Sue is a gifted hostess. Her luncheon or dinner tables are set to say welcome – let’s enjoy our moments together.
This holiday season, in the midst of the added burden of my treatments, Sue once again turned her sites outward – this time to entertain the ladies of the neighborhood with a special Christmas luncheon. Handmade invitations accented with buttons were sent to the eighteen households and the prompt R.S.V.P.s foretold a memory in the making.
In the days leading up to to the luncheon Sue kept busy in the kitchen trying recipes, refining the table settings, and planning each detail of the final menu. But a successful luncheon is marked by more than the table and the tastes . . . there are other ingredients of hospitality including the flow of the conversation and the deliberate inclusion of each guest. The holiday alone affords a festive tone and Sue adds to expectations for the holiday soiree by requesting each lady bring a favorite Christmas ornament and prepare to share the story of its special meaning. The details are complete and Sue becomes a lady in waiting.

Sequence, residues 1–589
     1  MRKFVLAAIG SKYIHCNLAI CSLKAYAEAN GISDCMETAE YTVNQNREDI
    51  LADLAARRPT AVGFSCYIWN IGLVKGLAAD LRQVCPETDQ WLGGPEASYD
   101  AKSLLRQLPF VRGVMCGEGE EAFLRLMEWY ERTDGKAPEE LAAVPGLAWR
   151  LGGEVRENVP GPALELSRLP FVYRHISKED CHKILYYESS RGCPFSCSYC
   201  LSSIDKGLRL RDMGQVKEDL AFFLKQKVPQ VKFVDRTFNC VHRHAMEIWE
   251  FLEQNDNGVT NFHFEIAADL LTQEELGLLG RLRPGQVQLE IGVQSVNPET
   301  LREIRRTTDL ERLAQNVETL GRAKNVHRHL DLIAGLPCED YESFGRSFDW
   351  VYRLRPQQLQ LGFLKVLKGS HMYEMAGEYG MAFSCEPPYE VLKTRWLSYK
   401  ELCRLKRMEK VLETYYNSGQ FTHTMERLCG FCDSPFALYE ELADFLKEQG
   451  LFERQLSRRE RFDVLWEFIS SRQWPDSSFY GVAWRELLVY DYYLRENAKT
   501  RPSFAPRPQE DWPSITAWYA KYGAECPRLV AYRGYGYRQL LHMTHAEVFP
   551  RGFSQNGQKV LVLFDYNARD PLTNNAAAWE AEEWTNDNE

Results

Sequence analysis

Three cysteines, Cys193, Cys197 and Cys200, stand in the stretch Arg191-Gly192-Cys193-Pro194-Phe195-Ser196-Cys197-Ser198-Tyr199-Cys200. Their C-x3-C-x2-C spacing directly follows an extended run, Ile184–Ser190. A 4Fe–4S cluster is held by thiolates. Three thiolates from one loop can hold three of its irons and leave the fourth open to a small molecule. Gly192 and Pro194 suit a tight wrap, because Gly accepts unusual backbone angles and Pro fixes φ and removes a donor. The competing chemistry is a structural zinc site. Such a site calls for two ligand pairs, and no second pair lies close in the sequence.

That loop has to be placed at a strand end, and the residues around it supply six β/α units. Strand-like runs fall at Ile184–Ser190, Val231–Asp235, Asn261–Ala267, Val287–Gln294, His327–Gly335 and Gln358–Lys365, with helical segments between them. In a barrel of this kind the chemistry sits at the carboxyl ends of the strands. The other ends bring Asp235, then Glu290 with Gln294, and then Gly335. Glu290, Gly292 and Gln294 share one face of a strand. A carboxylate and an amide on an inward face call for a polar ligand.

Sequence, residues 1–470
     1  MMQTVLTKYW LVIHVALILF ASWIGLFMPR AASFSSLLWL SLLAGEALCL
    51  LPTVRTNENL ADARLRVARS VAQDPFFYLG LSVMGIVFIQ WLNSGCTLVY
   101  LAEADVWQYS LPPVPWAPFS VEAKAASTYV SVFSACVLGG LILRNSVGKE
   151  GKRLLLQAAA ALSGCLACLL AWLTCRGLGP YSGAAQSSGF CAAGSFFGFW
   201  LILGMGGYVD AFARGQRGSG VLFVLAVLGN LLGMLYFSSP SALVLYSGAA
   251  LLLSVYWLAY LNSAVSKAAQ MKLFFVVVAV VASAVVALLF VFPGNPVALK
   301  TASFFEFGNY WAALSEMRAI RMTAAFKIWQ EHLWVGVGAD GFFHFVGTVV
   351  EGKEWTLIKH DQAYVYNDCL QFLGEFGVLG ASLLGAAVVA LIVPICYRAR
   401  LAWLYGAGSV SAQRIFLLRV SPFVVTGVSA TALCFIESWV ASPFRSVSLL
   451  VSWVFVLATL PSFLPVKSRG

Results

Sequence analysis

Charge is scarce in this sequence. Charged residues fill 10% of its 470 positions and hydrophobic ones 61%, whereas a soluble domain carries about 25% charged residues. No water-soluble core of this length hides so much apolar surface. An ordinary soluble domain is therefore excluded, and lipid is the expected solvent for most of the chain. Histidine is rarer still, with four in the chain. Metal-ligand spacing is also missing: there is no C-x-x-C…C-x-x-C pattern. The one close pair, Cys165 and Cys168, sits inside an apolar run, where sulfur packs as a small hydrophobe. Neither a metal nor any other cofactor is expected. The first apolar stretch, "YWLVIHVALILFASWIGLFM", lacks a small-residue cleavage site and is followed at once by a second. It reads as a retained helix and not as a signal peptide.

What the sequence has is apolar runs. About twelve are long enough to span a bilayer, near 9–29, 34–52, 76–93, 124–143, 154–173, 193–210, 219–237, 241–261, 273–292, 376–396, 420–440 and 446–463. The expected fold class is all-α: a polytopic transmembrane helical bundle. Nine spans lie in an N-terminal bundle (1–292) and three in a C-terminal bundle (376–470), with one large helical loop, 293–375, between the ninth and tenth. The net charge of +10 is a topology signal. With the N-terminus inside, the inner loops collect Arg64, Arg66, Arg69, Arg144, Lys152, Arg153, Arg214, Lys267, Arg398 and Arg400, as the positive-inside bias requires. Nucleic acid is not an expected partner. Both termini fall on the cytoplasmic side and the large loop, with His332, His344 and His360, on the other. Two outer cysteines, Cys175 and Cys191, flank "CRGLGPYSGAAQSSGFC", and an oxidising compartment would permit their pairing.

Murphy, our cairn terrier, sits with me in the upstairs sitting room – out of sight but not out of earshot. My task for the day is to keep the social Murph apart from the guests so that the focus of the day will be on them. For the moment, I’m mostly thinking leftovers and Murphy leans forward in his stance figuring with this many people some food is bound to drop to the floor and a rare treat in store.
It’s 11:50 and the first guest rings the front doorbell. Soon, close neighbors will knock at the side door. One by one the ladies arrive donned in their Christmas colors. They have stepped it up a notch in their wardrobe this morning – they’ve dressed with anticipation. There’s even a bit more jewelry but not over the top.
I had hoped to keep the upstairs door open to listen in on Sue’s mastery of hosting but Murphy needs to be kept at bay so I am privy to only the tones and tenor of the conversations. At each opening of the front door there is a patterned pulse with each greeting – a higher pitched welcome and response followed by repeated comments regarding Sue’s thoughtfulness in hosting.